The Catholic Church in Italy is angry over the government’s refusal to allow the faithful to attend religious services, as the country edges towards a cautious relaxation of coronavirus lockdown rules.
Under a new decree announced on Sunday night by the prime minister, businesses, factories and building sites will be allowed to restart on May 4 and people will be allowed out of their homes to exercise.
Public parks will be reopened and children will be allowed out for fresh air and exercise, Giuseppe Conte said.
But the government said churches and cathedrals would remain closed to congregations because there remained a high risk of the virus being spread.
Elderly people are particularly vulnerable to Covid-19 and make up a high proportion of Italy’s dwindling churchgoers.
"I understand that freedom of worship is a fundamental people's right," the prime minister said. "I understand your suffering. But we must continue discussing this further with the scientific committee."
The Italian Bishops’ Conference accused the government of “arbitrarily” compromising religious freedom.
The decree also exposed divisions within the government, with some ministers calling for congregations to be allowed to return to churches.
"So, we can safely visit a museum but we can't celebrate a religious service? This decision is incomprehensible. It must be changed," tweeted Elena Bonetti, the equal opportunities minister.
Catholic leaders said the Church was working hard to alleviate the suffering of the poor and the marginalised during the coronavirus emergency.
“It should be clear to all that the commitment to serving the poor, [which is] so significant in this emergency, stems from a faith that must be nourished at its source, especially the sacramental life”, the bishops’ conference said.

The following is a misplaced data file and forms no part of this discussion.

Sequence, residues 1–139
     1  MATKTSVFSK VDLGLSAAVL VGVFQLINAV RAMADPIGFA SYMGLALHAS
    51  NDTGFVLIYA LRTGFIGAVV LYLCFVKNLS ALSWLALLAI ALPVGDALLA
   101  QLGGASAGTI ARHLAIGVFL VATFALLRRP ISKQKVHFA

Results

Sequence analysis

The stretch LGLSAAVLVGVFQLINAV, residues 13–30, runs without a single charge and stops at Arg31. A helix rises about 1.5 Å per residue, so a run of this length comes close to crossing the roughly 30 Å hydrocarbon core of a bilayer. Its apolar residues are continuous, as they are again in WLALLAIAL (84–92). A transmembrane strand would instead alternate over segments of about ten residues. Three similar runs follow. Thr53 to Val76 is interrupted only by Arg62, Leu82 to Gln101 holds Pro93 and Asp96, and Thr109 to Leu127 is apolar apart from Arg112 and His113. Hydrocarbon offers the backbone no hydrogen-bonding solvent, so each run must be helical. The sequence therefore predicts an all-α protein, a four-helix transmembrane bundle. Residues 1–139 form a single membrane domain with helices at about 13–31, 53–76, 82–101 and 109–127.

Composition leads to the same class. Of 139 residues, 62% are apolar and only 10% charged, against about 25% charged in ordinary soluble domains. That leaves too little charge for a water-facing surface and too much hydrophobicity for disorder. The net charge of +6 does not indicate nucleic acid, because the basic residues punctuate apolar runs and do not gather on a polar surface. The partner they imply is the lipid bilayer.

Bishops said that the government’s “phase 2” lockdown “arbitrarily excludes the possibility of celebrating Mass with the people”.
Priests in Italy have been conducting services but to empty churches. They live-stream the services on social media to their congregations, who have been stuck at home under the country’s strict lockdown.
Under the new decree, funerals are now allowed but the number of mourners must be limited to 15.
Italy’s draconian lockdown was imposed on March 9, with people told they can only leave their homes to shop for essential food supplies, collect medicines from chemists or travel to and from work.
Those stringent measures are to be relaxed from May 4, but gradually.
Shops will be allowed to reopen on May 18, as will galleries, museums and libraries.
But hairdressers, restaurants and bars will not be allowed to reopen until June 1 and no dates has been set yet for the reopening of gyms, nightclubs and cinemas.
Schools and universities are to remain closed for the rest of the academic year and are expected to restart in September.
People will have to wear masks in shops, offices and other confined spaces – wherever social distancing of at least one metre cannot be guaranteed. Organised sport remains banned.
Italians are not allowed to move between the country’s 20 regions unless they have good reason to do so.
More than 26,000 people have died from the virus in Italy – the highest death toll after the US – and 200,000 have been infected.